50 Things Collectors Should Know: Thea Anamara Perkins

Lisa Slade, Art Collector magazine – Issue #95, 12 Jan 2021

Arrente and Kalkadoon artist Thea Anamara Perkins recently described her adoptive brother and fellow artist, Tony Albert, as someone who “always leads with love, even when dealing with our dark history.” Perkins was unwittingly describing her own approach. Here is a practice lead by love that makes a gentle and persuasive space for correcting falsehoods and assumptions. Working with paint and portraiture, Perkins continues her family’s commitment to what she calls “strong and ready communication” and is part of an extraordinary dynasty of First Nations activists and creatives that includes activist Charles Perkins (her grandfather), Arrente elder Hetti Perkins (her grandmother), curator Hetti Perkins (her mother) and acclaimed film director Rachel Perkins (her aunt).


Thea’s Arrente name Anamara describes a river and a Dreaming that runs north of Mparntwe (Alice Springs) – the place that keeps calling her back and has been the wellspring of art and activism for her family, and by extension, the nation. Perkins’ 2020 Alice Prize winning double portrait of her grandfather Charlie and aunt Rachel is self-described as “a love note to Alice”. Titled Tent Embassy, the painting began with a treasured family photograph depicting father and daughter sharing a moment, “focused and tender”, in the midst of the public and political space of a land rights protest in Canberra.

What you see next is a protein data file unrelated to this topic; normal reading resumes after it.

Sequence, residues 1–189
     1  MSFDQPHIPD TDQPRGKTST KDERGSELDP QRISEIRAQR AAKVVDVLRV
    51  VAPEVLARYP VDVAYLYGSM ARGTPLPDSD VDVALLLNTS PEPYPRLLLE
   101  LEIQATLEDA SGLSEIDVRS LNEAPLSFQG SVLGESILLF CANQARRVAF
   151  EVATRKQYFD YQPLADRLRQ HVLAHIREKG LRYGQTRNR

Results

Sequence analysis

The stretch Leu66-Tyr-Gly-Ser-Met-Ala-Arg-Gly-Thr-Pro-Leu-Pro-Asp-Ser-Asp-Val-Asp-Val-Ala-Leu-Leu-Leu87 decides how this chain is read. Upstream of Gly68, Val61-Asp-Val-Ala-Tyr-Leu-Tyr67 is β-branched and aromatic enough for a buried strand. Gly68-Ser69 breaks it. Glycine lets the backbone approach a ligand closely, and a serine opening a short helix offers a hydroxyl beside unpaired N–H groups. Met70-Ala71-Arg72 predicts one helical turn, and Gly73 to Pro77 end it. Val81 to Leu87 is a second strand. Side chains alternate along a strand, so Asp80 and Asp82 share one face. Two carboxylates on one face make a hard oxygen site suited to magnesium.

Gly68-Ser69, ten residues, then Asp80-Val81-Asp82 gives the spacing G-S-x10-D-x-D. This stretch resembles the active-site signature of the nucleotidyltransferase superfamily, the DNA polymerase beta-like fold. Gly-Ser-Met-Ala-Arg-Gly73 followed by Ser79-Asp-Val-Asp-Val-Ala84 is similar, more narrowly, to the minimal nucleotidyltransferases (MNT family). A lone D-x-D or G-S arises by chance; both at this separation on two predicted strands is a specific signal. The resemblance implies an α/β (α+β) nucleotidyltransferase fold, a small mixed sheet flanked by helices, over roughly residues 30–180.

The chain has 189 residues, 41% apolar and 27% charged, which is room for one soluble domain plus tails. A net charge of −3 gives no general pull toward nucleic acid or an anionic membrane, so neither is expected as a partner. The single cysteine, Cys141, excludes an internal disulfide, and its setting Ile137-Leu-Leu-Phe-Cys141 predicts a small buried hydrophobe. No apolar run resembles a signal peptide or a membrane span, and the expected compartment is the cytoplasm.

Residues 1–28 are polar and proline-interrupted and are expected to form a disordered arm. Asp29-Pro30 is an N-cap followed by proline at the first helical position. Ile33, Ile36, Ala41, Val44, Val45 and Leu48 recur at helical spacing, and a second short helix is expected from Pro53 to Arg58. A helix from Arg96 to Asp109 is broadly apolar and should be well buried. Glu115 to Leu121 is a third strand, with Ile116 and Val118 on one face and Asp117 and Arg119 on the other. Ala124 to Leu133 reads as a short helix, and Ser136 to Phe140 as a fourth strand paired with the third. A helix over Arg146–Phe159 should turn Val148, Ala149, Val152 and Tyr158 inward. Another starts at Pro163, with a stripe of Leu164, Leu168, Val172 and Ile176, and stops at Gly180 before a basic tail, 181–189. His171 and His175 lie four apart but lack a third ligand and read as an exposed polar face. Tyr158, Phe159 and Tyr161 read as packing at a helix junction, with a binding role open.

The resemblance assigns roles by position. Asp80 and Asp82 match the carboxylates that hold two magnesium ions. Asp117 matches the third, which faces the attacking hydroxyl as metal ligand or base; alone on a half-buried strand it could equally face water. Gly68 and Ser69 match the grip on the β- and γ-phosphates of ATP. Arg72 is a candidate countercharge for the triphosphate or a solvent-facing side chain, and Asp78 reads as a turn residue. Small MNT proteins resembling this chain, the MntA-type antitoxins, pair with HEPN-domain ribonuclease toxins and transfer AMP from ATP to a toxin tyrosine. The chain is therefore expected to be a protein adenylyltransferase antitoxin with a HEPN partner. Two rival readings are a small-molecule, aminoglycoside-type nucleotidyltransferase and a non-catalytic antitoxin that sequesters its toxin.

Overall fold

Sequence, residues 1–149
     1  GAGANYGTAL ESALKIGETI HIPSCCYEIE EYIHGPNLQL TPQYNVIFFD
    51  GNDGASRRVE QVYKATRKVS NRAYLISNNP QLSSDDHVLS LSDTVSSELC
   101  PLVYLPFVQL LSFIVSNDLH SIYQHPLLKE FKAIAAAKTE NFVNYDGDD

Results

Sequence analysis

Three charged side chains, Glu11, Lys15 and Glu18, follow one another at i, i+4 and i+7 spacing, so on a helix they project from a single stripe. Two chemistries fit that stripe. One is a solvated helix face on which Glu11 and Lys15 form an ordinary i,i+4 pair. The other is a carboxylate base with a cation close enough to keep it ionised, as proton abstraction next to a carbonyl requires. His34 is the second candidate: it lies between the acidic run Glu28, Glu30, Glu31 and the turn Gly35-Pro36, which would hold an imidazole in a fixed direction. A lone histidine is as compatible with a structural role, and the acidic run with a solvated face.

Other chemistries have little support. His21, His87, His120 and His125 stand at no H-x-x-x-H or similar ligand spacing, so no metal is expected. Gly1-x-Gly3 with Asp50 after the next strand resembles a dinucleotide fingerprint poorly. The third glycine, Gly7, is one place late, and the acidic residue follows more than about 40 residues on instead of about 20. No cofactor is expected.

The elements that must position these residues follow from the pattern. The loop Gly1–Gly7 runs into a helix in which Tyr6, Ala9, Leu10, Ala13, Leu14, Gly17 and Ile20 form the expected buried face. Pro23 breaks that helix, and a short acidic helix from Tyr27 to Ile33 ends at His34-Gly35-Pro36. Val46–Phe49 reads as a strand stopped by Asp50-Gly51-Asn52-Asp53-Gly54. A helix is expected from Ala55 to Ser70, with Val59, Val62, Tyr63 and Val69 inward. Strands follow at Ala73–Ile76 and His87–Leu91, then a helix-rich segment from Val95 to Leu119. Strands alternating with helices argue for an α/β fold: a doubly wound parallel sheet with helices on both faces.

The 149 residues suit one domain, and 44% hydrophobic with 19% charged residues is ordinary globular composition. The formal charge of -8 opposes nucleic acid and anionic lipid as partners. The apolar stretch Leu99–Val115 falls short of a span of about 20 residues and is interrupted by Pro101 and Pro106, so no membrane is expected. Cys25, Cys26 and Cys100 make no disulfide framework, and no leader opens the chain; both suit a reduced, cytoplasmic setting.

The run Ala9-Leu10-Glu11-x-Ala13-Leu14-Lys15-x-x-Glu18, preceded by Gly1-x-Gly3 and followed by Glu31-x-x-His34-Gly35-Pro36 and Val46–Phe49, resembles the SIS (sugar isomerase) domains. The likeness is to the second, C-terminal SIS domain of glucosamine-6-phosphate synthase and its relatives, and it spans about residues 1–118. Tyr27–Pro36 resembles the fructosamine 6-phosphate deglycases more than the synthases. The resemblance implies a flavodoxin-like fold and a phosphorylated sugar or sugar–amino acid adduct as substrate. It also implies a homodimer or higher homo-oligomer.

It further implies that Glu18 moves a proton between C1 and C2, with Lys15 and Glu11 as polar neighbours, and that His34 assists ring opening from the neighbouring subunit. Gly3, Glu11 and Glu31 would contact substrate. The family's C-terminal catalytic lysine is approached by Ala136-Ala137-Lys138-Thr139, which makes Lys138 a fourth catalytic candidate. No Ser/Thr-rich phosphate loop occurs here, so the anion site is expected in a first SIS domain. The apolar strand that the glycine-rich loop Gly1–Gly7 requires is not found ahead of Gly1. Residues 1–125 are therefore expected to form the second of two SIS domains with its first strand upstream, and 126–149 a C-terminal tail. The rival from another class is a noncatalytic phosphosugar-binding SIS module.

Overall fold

Perkins’ choice of clayboard, a kaolin-covered painting surface, renders a super flat and absorbent finish where the brush is belied and flat blocks of colour dominate each composition. Akin to working with tempera or poster paint, and described as possessing a digital feel, this way of working ensures the most direct means of communication for Perkins. Fittingly, the focus of her current work – an outcome of her winning the 2020 Australia Council’s Dreaming Award for emerging artists – is on the protest posters of the 1970s and 1980s. Involving a series of workshops with the town camp communities of Mparntwe and with artists working at Tangentyere Aboriginal Art Centre, along with mentor Tony Albert, this new body of work draws upon the visual language of political posters while also building upon the work made for Tarnanthi at the Art Gallery of South Australia (AGSA) in 2019.


Now in the AGSA collection, Perkins’ portraits of Tangentyere artists, including Sally M Nangala Mulda, hung alongside the paintings made by the artists depicted – a visual demonstration of Perkins’ commitment to collaboration and to amplifying the work of other artists.


Also a finalist in this year’s Archibald Prize with a portrait of her pop, Gadigal leader Charles “Chicka” Madden, Perkins values art prizes as a political platform with few peers. The art prize represents an arena where the personal and the political can become public, and where First Nations artists are, in her words, finally given “a seat at the table”. This arena is extended to the festival context in Perkins’ forthcoming series where the role of First Nations people in the Sydney Festival is made visible through portraiture.


 – Lisa Slade |  Assistant Director, Artistic Programs, Art Gallery of SA